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$23.7 Trillion Bailout - Will Justice Shoot the Messenger?
Neil Barofsky, Special Inspector General of the Troubled Asset Relief Program (a.k.a. the SIGTARP ) caused quite a stir in Washington last week when he released a quarterly report that attempted to tally up the total dollar amount of federal government commitments related to the bailout. Those commitments include federal government programs that spend taxpayer money or issue loan guarantees in an attempt to rescue financial services institutions and support the economy. While the administration and the media have focused on the $700 billion in bailout funds explicitly authorized by Congress, Barofsky tried to bring a little transparency to the complex array of federal programs including those of the Treasury and the opaque Federal Reserve. His report put the potential outlay of taxpayer dollars of the combined 50-plus programs at an astonishing $23.7 trillion.
The $23.7 trillion represents the first attempt by anyone in the federal government to provide a little "truth in lending" regarding the real, maximum cost to U.S. taxpayers of the bailout. To put this number in perspective Politico noted that the figure was larger than the total cost of all the wars the United States has ever fought, not to mention double the U.S. Gross Domestic Product.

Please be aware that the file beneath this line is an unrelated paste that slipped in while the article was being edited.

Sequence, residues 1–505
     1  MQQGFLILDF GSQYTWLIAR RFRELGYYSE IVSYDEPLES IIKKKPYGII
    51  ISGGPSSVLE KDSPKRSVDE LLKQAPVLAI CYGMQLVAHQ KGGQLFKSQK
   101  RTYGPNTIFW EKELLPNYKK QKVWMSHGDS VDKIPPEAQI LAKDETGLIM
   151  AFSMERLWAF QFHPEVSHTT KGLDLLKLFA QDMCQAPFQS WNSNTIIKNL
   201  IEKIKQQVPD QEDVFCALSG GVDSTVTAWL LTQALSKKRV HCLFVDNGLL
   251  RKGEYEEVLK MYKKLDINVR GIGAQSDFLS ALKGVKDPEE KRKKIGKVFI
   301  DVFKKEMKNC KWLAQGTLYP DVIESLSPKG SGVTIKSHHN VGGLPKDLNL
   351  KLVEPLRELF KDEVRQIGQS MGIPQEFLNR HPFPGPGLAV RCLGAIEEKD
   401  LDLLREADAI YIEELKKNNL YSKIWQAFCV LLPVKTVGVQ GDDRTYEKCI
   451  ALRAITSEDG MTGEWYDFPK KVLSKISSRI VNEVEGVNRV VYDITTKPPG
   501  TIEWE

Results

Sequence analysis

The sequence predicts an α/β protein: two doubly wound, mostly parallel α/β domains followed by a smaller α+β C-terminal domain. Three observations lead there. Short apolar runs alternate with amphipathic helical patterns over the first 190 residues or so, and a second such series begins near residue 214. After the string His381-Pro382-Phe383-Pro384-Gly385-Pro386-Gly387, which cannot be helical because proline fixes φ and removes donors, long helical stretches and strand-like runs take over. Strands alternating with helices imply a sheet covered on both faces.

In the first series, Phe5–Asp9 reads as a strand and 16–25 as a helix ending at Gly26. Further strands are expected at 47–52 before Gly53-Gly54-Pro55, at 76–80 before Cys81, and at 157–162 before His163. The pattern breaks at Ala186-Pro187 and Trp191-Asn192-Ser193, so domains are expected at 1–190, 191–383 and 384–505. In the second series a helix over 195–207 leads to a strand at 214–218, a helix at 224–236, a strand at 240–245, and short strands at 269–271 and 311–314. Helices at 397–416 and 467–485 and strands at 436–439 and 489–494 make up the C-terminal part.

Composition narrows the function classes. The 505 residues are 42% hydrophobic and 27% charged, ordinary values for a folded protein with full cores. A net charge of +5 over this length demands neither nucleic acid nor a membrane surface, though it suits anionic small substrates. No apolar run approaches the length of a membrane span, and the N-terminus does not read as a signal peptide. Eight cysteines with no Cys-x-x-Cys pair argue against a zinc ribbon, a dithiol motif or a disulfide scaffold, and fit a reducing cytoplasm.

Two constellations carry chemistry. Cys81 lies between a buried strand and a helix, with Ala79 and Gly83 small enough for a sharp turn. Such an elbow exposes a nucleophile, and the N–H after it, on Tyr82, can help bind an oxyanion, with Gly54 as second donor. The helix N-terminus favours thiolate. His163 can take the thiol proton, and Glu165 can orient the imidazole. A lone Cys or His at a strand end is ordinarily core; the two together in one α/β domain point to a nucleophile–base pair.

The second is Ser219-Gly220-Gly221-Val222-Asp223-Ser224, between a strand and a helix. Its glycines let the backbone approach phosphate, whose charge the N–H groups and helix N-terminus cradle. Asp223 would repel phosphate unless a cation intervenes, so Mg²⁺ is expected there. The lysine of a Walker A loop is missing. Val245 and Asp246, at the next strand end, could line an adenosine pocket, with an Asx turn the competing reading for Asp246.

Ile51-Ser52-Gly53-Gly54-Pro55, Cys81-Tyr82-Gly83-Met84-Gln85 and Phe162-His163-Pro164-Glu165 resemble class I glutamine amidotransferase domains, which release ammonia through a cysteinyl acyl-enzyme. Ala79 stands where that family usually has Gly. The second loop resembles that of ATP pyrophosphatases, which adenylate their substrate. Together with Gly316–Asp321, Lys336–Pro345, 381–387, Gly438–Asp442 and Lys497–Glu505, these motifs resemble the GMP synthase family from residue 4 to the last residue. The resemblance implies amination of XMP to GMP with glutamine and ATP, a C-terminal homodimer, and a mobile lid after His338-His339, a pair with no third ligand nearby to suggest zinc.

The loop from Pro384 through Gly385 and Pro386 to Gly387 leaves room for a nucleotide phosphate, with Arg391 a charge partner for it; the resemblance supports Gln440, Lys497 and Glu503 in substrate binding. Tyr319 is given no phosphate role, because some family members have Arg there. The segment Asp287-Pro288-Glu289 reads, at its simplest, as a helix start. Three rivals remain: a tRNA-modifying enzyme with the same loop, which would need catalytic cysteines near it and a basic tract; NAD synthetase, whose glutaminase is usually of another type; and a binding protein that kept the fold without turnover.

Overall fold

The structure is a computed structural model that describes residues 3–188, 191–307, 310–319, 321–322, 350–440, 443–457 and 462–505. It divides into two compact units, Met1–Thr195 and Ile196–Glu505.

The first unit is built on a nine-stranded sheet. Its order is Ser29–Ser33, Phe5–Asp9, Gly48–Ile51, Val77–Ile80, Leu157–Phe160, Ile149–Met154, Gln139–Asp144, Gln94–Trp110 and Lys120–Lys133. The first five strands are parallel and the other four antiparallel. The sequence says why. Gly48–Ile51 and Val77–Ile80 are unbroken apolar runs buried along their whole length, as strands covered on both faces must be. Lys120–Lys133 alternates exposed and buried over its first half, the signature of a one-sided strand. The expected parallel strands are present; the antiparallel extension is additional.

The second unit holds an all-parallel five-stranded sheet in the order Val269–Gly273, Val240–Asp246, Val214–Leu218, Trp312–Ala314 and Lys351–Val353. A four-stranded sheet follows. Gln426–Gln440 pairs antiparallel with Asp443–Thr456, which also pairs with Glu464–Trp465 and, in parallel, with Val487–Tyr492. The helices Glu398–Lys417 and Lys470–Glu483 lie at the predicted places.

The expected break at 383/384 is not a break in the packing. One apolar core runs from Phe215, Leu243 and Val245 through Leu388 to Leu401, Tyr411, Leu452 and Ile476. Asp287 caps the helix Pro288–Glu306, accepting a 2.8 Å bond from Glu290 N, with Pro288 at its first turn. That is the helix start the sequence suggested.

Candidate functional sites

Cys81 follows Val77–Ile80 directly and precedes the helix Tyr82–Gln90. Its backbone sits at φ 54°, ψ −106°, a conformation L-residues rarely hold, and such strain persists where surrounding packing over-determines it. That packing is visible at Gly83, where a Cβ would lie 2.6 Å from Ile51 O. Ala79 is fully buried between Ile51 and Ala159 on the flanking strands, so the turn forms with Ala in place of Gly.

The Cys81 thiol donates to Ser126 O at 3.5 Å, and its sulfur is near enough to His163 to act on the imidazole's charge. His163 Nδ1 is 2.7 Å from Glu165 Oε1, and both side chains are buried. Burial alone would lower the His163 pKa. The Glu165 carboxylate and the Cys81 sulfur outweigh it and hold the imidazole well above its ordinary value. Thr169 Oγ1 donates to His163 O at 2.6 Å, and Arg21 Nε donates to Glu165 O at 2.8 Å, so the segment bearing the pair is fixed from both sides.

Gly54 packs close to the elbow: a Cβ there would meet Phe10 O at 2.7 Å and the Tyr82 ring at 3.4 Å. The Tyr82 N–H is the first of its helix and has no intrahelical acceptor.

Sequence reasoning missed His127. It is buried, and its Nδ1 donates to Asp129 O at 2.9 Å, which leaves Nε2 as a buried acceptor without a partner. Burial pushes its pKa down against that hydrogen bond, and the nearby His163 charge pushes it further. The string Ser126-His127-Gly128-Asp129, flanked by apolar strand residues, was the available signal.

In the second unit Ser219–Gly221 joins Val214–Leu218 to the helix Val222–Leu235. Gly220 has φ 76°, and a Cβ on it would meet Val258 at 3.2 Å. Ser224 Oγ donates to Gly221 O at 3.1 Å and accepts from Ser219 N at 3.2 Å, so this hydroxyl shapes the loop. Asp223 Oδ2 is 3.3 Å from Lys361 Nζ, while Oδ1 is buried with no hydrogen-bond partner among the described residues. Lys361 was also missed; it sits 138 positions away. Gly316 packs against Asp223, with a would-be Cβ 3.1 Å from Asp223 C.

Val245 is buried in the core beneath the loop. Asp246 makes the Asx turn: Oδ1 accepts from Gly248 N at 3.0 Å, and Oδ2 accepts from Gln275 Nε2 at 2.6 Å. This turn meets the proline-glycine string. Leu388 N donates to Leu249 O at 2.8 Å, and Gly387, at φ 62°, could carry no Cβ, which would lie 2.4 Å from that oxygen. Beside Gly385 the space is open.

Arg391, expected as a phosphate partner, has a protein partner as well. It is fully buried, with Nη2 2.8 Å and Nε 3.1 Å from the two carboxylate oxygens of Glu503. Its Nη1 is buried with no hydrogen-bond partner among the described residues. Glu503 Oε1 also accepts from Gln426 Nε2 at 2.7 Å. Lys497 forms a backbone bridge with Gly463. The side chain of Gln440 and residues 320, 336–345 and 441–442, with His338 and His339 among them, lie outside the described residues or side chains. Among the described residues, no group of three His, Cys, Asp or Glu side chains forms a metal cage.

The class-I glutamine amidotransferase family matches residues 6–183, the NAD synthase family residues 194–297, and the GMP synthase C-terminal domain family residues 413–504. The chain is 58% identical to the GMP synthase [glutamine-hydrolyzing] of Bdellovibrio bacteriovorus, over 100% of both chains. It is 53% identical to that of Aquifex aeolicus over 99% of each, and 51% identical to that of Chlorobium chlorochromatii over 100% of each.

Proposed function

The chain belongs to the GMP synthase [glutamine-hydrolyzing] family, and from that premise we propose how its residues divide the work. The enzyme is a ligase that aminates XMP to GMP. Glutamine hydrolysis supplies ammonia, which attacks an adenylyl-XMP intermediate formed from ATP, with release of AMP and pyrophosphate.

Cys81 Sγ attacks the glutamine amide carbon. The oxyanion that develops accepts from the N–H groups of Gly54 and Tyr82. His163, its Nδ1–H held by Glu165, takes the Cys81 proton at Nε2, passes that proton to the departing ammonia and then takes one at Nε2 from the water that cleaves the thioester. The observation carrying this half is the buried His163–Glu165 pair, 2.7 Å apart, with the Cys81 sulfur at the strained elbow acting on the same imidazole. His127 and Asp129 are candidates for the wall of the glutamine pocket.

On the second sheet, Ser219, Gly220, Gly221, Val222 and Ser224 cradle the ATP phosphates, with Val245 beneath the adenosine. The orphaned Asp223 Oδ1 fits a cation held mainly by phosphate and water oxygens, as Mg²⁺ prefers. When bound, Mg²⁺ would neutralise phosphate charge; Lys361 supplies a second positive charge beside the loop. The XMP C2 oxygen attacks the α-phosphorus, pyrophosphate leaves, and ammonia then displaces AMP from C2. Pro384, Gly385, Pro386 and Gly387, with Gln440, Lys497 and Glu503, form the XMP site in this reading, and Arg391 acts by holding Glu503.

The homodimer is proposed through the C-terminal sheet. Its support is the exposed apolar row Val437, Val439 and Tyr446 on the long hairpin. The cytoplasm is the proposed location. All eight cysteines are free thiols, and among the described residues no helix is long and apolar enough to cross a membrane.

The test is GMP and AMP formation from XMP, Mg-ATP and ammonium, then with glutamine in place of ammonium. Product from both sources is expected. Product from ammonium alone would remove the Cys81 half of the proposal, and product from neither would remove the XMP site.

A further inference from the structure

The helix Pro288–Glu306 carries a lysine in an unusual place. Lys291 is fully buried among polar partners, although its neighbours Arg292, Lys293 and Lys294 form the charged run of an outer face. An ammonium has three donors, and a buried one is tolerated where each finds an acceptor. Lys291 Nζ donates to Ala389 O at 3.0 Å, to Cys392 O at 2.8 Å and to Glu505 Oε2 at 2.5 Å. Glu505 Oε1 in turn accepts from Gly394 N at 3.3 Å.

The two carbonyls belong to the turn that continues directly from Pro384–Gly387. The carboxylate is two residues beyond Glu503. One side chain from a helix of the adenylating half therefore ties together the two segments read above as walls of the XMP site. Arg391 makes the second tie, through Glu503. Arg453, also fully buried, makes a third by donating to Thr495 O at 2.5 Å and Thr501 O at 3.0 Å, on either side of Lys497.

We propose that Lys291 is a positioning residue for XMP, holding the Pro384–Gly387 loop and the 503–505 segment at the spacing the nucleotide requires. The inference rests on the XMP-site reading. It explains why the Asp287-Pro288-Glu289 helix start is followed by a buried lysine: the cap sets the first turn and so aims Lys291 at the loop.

To be clear, this number represents the maximum potential outlay. Not all of this money will be spent and some funds may be recouped. Barofsky reports that only $441 billion has actually been spent so far. Of course, even $441 billion is a huge outlay.
Administration spinmeisters promptly attempted to belittle the report. Most amusingly, a spokesperson from the Treasury Department characterized the numbers as misleading and inflated, even though they were generated from Treasury’s own data, and department officials had read and commented on Barofky's report prior to its public release. For Barofsky’s response to the administration spin, check out his interview with ABC’s Jake Tapper.
This all would have been a short-lived kerfuffle in the halls of Washington except that the Washington Post recently reported that Treasury has asked the Department of Justice to issue a ruling placing the SIGTARP office more directly under the control of the Secretary of the Treasury, Timothy F. Geithner. This move clearly aims to undermine Barofsky’s independence and give Geithner the authority to quash the release of information from his office. No word yet from Justice on whether or not “truth in lending” will be official administration policy.